The larger map is the same image, only bigger and in color. There is no way to pinpoint where The Village is in relation to the rest of the known world.
An Announcement System Tells You How to Feel about the Day and Doors Tell You to Enter Them
The main character leaves the store and a nearby speaker broadcasts (in Fenella Fielding’s voice, as always) about how today is another beautiful day. He returns to the room he woke up in. There is a “6” on its sign and the door opens automatically for him, beckoning him to enter.
The main character looks out his window and sees a maid walking away from the place. Absolutely nothing is left to the individual’s responsibility in the Village, and this is told to us with action rather than exposition.
Six Gets His Title and Number Two Is the Adversary
The phone rings and a man’s voice declares him “Number Six” and that he should stop by to get acquainted. “Number Two, Green Dome,” the man says.
“Pop Goes the Weasel” is a musical cue referenced in the soundtrack as the main character heads to the Green Dome. This cue will be referenced regularly and, in my interpretation, seems to be related to the logical conclusion of the Village’s method of ruling.
When the main character arrives, the unnamed butler (Angelo Muscat) opens the door and takes him into Number Two’s chamber.
Intimidation by Breakfast: The Village Knows Everything about Their Prisoners
Number Two asks Six what he’d like for breakfast. As Six answers him, the butler immediately uncovers the exact choices as asked for. The Village keeps track of the most normal behaviors and shows that they know how predictable people are.
Yet Number Two does not know why Six resigned. The information inside Six’s head makes him a valuable commodity to many different parties. This tells us that Six knows important secrets. The Village needs to protect these secrets from falling into the wrong hands. We do not, however, learn the Village’s allegiances.
This is the entire crux of the show’s conflict. If Six reveals his motives, the Village will get what they want. If Six does not reveal his secrets and escapes, he maintains his individuality and achieves his goal.
Over the course of Six and Two’s battle of words and wills, we are shown that the Village has multiple pictures of Six’s littlest decisions from before his capture. They surveyed every part of his life before he was captured.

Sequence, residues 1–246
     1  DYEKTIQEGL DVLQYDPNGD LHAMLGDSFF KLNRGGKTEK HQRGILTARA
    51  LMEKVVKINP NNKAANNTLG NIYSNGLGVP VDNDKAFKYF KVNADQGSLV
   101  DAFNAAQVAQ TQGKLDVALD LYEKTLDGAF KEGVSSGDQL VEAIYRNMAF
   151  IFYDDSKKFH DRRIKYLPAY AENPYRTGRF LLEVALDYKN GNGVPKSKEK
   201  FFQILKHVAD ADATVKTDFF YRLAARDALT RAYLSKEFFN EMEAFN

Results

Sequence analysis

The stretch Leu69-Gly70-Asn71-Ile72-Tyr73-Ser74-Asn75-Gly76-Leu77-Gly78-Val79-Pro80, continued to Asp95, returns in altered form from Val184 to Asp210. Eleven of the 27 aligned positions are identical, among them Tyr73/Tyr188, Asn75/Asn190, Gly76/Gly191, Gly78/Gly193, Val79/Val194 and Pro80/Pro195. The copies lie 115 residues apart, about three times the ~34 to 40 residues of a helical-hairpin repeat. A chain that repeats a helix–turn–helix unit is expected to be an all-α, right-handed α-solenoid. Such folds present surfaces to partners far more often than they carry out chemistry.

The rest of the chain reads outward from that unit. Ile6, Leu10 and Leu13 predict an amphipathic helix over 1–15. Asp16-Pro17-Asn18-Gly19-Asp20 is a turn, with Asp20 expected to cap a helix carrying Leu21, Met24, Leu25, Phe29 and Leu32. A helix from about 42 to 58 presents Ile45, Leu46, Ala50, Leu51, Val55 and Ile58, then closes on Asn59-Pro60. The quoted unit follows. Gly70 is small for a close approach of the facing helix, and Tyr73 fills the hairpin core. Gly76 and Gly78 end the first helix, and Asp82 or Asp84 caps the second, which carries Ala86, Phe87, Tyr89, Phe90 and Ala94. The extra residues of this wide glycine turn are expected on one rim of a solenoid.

A Helicopter Tour Reveals the Time Frame of a Sentence
In addition to Six revealing why he resigned, Number Two wants him to conform to the Village’s rule. It will help them break him. To that end, they take a helicopter tour of the Village grounds. It serves as exposition for viewers, but it’s organic and there’s a bite to it. There’s a council building where villagers put on amateur theatrics, implying that the villagers are expected to be there a while—but how long? Number Two points out that they have their own graveyard. It sounds like a standard town detail, but the threat is clear.
People Make the Choice to Conform or Face Rover
After the characters land, Six walks around the village and notices how extremely happy everyone appears. He has a conversation with Number Two, even though Two is across the square from Six using a bullhorn and everyone is listening. Yet the villagers appear completely oblivious until Two says “be still!”
Everyone freezes in place except for one man who freaks out. He is then chased by a creepy white bubble. We learn later that its name is Rover but when Six asks, “what’s that?” Number Two only says, “That would be telling.” The Village thinks it holds all the cards. They need not reveal anything, but they must know everything.
These people in the village square had a choice to come around to Number Two’s way of thinking: the choice to survive through conformity or die as a free thinker.
Six Refuses to Conform and First Speaks of Escape
Two takes Six to the labor exchange where they test Six to conform him to a role within the community. Inside we see creepy signs on the wall such as this one: “Questions are burdens to others. Answers a prison to oneself.”
True to form, Six refuses to answer the overly invasive questions asked of him. Therefore, he is not assigned a job; instead, he goes home.
He kicks the maid out because he doesn’t want the Village doing anything for him. He also searches everywhere for the music filling his house. He did not turn it on himself, therefore it must go. An announcement call for radio repair happens just as Six destroyed his radio speaker, showing the extent to which he is under surveillance.
The maid then returns and Six begins to grill her about whether anyone has ever escaped the Village. She is visibly uncomfortable with this. She also pleads with Six to tell her his secrets so she can get what she wants in return. It’s official: all the villagers work for the Village on all levels. It’s also official that Six is always being watched. This scene is being broadcast on a giant screen in the creepy camera room where both the unnamed director and Number Two are watching it play out.